rootfs-c9d-v1.s1/ are recursively compared, each as relative root path.
The following changeset is found:
Added: /etc/my-app.d/ Added: /etc/my-app.d/default.cfg Modified: /bin/my-app-tools Deleted: /etc/my-app-config
This reflects the removal of
/etc/my-app-config and creation of a file and directory at
/bin/my-app-tools has also been replaced with an updated version.
A tar archive is then created which contains only this changeset:
- Added and modified files and directories in their entirety
- Deleted files or directories marked with a whiteout file
The resulting tar archive for
rootfs-c9d-v1.s1 has the following entries:
./etc/my-app.d/ ./etc/my-app.d/default.cfg ./bin/my-app-tools ./etc/.wh.my-app-config
To signify that the resource
./etc/my-app-config MUST be removed when the changeset is applied, the basename of the entry is prefixed with
Layer Changesets of mediatype
application/vnd.oci.image.layer.v1.tar+gzip are applied, rather than simply extracted as tar archives.
Applying a layer changeset requires special consideration for the whiteout files.
In the absence of any whiteout files in a layer changeset, the archive is extracted like a regular tar archive.
Changeset over existing files
This section specifies applying an entry from a layer changeset if the target path already exists.
If the entry and the existing path are both directories, then the existing path's attributes MUST be replaced by those of the entry in the changeset. In all other cases, the implementation MUST do the semantic equivalent of the following:
- removing the file path (e.g.
unlink(2)on Linux systems)
- recreating the file path, based on the contents and attributes of the changeset entry
A whiteout file is an empty file with a special filename that signifies a path should be deleted.
A whiteout filename consists of the prefix
.wh. plus the basename of the path to be deleted.
As files prefixed with
.wh. are special whiteout markers, it is not possible to create a filesystem which has a file or directory with a name beginning with
Once a whiteout is applied, the whiteout itself MUST also be hidden. Whiteout files MUST only apply to resources in lower/parent layers. Files that are present in the same layer as a whiteout file can only be hidden by whiteout files in subsequent layers. The following is a base layer with several resources:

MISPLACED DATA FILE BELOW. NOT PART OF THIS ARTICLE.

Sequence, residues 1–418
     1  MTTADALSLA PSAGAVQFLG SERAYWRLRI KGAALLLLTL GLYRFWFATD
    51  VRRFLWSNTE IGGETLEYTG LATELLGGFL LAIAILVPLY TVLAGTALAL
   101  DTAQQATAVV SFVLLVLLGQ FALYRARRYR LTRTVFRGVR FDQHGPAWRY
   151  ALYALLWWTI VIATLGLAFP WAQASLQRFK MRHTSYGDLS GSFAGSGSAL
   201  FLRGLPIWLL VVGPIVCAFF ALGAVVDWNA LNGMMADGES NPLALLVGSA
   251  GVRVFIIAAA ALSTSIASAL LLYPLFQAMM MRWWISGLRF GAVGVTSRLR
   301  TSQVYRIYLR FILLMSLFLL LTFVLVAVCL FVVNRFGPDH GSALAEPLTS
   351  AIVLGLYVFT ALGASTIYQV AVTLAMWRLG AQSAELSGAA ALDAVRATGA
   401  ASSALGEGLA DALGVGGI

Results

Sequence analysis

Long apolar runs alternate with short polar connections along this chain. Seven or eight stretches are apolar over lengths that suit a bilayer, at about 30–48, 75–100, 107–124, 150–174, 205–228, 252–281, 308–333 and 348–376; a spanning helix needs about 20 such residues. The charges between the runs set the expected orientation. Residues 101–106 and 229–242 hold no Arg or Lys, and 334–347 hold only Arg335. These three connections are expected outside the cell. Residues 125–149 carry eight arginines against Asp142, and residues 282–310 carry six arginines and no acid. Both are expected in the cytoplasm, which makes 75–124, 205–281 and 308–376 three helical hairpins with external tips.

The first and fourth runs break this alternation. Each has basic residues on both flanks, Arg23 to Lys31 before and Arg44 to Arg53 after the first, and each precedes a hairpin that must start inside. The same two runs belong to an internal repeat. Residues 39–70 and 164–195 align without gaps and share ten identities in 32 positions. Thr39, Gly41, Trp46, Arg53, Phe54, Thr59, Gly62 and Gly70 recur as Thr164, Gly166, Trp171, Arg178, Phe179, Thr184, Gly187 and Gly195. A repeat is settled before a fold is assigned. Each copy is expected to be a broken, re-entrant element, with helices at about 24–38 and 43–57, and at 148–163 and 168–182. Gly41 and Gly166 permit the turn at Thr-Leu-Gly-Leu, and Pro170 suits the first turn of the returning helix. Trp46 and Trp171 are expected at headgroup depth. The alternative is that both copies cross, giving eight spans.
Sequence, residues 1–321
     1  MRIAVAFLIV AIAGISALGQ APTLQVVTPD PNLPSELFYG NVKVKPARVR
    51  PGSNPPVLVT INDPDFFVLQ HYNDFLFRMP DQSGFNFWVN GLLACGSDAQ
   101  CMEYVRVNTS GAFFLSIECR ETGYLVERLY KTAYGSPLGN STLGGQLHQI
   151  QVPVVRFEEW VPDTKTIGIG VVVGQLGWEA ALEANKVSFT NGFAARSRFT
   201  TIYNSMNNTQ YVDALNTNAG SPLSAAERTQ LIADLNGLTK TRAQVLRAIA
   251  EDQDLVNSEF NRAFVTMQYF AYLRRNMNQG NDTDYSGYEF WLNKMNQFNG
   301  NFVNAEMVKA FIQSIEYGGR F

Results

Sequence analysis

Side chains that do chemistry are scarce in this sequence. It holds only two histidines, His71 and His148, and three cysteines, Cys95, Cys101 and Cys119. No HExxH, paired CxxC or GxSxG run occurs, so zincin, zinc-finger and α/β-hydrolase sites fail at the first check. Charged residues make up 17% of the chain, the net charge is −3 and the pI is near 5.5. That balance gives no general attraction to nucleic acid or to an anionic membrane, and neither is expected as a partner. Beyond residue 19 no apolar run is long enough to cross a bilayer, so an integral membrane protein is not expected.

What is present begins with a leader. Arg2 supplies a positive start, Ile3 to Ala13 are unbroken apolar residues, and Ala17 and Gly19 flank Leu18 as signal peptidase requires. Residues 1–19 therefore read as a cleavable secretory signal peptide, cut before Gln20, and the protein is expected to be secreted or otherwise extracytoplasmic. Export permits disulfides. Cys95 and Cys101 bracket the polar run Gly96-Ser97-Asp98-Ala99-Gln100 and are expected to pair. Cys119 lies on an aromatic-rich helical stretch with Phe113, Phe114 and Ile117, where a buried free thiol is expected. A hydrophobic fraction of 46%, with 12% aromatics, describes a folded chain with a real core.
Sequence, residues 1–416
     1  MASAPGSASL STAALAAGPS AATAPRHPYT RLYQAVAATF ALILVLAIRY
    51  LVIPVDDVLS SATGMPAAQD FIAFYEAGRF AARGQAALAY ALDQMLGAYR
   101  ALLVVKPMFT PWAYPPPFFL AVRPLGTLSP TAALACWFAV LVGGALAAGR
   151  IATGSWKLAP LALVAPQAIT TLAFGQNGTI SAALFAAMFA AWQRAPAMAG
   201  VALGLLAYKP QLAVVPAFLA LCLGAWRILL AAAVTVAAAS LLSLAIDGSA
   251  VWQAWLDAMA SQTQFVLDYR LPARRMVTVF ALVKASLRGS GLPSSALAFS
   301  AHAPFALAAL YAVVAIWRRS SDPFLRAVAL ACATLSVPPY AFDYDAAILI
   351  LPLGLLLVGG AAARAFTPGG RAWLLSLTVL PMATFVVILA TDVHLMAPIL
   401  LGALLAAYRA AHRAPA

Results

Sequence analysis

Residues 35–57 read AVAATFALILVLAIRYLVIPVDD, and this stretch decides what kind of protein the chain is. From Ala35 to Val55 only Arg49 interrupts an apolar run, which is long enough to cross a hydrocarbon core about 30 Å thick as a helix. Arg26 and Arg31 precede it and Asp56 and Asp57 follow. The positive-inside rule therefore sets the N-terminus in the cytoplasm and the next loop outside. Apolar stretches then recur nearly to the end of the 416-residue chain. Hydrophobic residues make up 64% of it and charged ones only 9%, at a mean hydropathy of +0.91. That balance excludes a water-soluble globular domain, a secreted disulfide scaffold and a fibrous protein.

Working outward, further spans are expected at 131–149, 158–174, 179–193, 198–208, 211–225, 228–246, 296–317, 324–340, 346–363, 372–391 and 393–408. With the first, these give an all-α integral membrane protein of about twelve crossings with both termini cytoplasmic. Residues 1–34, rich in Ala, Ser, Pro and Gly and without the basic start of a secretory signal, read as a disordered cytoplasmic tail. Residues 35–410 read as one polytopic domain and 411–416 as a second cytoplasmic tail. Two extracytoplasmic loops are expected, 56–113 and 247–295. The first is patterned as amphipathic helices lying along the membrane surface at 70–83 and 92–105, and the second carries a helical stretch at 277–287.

a/ a/b/ a/b/c/ a/b/c/bar
When the next layer is created, the original
a/b directory is deleted and recreated with
a/ a/.wh..wh..opq a/b/ a/b/c/ a/b/c/foo
When processing the second layer,
a/.wh..wh..opq is applied first, before creating the new version of
a/b, regardless of the ordering in which the whiteout file was encountered.
For example, the following layer is equivalent to the layer above:
a/ a/b/ a/b/c/ a/b/c/foo a/.wh..wh..opq
Implementations SHOULD generate layers such that the whiteout files appear before sibling directory entries.
In addition to expressing that a single entry should be removed from a lower layer, layers may remove all of the children using an opaque whiteout entry.
An opaque whiteout entry is a file with the name
.wh..wh..opq indicating that all siblings are hidden in the lower layer.
Let's take the following base layer as an example:
etc/ my-app-config bin/ my-app-binary my-app-tools tools/ my-app-tool-one
If all children of
bin/ are removed, the next layer would have the following:
This is called opaque whiteout format.
An opaque whiteout file hides all children of the
bin/ including sub-directories and all descendants.
Using explicit whiteout files, this would be equivalent to the following:
bin/ .wh.my-app-binary .wh.my-app-tools .wh.tools
In this case, a unique whiteout file is generated for each entry.
If there were more children of
bin/ in the base layer, there would be an entry for each.
Note that this opaque file will apply to all children, including sub-directories, other resources and all descendants.
Implementations SHOULD generate layers using explicit whiteout files, but MUST accept both.
Any given image is likely to be composed of several of these Image Filesystem Changeset tar archives.
Due to legal requirements, certain layers may not be regularly distributable. Such "non-distributable" layers are typically downloaded directly from a distributor but never uploaded.
Non-distributable layers SHOULD be tagged with an alternative mediatype of
Implementations SHOULD NOT upload layers tagged with this media type; however, such a media type SHOULD NOT affect whether an implementation downloads the layer.
Descriptors referencing non-distributable layers MAY include
urls for downloading these layers directly; however, the presence of the
urls field SHOULD NOT be used to determine whether or not a layer is non-distributable.